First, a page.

He Died Standing Up
Norman O. Jordan died standing up. Probably many people die in that position, but for Norman, it was an amazing way to leave this earth. For most of his life he struggled with polio and its debilitating effects, confining him to a wheelchair in his later years.
Some three hundred attended his memorial service in North Carolina on July 5, 2008. Norm’s only daughter, Beverly, told us that early on her father triumphed over polio and was able to walk cane-less and work for his family. A businessman, he managed mobile home parks. Strikingly handsome with bright, clear eyes, he was a visionary and a very optimistic man. Her dad grew up in the depression in Maine, she said, but that couldn’t keep him down.
Norman showed us a whole new meaning to “walking with Jesus,” a chaplain remarked. Then Norm’s pastor prayed, “Lord, our knees get shaky when we think about Norm’s life. We are amazed at how You enlivened these dead legs to … stand. To get out of the car on his own, his feet would slip and he would press, unwillingly, on the horn. But You helped him to persevere, to keep on keeping on.”
Amazingly, in the little country church where Norm and his wife, Muriel, attended, this cheerful man served God by playing the organ—with hands, and, of course, feet! His pastor went on praying, “We could always hear the bass, the pedals—displaying that special purpose You had, Lord, for those legs that seemed to be so dead, and yet bringing glory and honor to You.” We saw what the pastor meant when son David showed several video clips of his beloved dad playing and singing his favorite hymns.
In the challenges of his life, Norm always found the positive side. Beverly explained that as Norm’s grandchildren grew up, he couldn’t run and romp with them, but he had a lap and lots of love. In his dry Maine humor, he insisted he could not get up and play because he had a bone in his leg. Grampa Jordan and his wheels (wheelchair) were always a fun combination. He once borrowed a white hearse to transport the family on vacation … so now we friends could imagine him forever going out in style, Beverly concluded.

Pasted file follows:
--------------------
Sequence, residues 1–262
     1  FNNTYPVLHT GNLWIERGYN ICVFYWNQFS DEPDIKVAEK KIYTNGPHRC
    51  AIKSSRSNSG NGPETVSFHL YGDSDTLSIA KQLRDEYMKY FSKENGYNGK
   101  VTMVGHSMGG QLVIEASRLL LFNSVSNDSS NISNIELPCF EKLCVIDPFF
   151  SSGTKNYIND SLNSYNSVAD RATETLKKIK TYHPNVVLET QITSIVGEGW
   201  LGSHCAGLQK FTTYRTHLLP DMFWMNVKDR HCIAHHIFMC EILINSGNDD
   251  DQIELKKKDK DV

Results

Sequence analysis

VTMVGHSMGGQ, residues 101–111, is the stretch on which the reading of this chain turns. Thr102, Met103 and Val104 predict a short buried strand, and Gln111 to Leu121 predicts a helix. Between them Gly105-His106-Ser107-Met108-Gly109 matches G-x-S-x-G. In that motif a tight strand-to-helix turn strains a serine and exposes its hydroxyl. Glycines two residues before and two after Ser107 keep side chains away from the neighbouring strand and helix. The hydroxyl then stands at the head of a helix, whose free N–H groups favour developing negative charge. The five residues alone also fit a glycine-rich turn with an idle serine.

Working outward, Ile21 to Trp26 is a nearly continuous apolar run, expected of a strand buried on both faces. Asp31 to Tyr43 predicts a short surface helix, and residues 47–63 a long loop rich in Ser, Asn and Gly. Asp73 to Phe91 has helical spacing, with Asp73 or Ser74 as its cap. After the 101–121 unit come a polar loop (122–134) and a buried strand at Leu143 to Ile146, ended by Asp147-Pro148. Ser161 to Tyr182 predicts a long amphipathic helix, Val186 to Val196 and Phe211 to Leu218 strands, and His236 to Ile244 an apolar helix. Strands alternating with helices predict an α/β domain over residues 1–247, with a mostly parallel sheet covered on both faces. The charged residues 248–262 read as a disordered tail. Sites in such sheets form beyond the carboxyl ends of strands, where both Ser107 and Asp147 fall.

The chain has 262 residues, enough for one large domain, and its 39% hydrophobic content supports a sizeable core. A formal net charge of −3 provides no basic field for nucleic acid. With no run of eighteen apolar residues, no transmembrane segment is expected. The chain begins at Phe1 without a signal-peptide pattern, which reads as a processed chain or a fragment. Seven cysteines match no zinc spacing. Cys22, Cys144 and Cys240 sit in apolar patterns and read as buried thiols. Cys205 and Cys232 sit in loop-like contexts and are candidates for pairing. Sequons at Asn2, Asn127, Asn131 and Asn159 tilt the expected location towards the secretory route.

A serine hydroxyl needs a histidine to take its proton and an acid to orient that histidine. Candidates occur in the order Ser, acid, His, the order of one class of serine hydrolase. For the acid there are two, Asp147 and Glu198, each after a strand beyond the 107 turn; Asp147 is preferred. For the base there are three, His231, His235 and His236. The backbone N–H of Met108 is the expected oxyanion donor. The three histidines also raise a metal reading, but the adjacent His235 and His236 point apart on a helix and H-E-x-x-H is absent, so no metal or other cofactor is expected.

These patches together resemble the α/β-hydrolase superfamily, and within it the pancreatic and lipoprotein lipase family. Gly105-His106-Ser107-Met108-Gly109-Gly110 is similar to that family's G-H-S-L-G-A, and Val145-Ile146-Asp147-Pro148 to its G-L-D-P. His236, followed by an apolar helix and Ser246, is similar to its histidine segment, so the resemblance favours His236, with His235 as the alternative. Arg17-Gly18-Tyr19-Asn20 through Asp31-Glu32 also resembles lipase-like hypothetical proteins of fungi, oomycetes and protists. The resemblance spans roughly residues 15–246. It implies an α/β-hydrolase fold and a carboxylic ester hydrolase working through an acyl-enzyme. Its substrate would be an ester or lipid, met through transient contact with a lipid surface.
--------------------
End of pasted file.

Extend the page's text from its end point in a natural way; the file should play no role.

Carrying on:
David said, “Dad had three passions: to see people come to Jesus; to discuss end-time events; and to see Jesus one day and receive a new body—healthy and whole.” David knew that his dad had now received that body. “I can see him praising the Lord in music and in dancing,” he said.
Son Barry compared Norman to the Old Testament Caleb, who trusted God in a special, deep way. “My father had a different spirit and followed God wholeheartedly,” Barry said, referring to Numbers 14:24. Barry observed four things that his father loved: God, God’s people, God’s house and God’s Word. Norm was a gifted Bible teacher. The church was his second home. And he found absolute delight in fellowshipping with the saints.
Norman Jordan also knew how to suffer with a willing heart. For him, God’s mercies were new every morning. Norm was an encourager. Out of the overflow of the heart, the mouth speaks (Luke 6:45). Beverly said that at one difficult point in her life, her father was oil floating over the waters of grief.
In retirement, the Jordans moved to the JAARS Center, the technical arm of Wycliffe Bible Translators, where Norman served as a host in the entrance lobby and dining room of the main building. At his memorial, one woman said it all: “When I received news of his home-going in an e-mail message, I could only stare at the screen. It was hard to believe, because he was such a constant presence here. We could count on his smile, his prayers, and the candy he shared from his wheelchair basket! When we all get to heaven, we’ll dance together and rejoice with him.”
Bob, who ran the elevator, would often ask Norm as he arrived in his wheelchair, “Going up?” and Norm always replied, “Someday!” He looked for Christ’s second coming with eager expectation. He longed for the day he would rise to meet Jesus. But as one woman remarked, “He didn’t wait for the Second Coming. He went on ahead.”
It seems people do not really know an individual well until they attend that person’s memorial service. Memories and impressions shared there meld into a revealing, integral picture of a man or woman and the kind of life they lived.
Norman died standing up, Muriel said. One evening, preparing for bed, he called her for help and shortly after … he was gone.
“He must have just stood up and been embraced by the Lord,” one friend remarked. Norman Jordan died standing—standing on the promises of God and His Word.
Norman O. Jordan
November 17, 1923 – June 5, 2008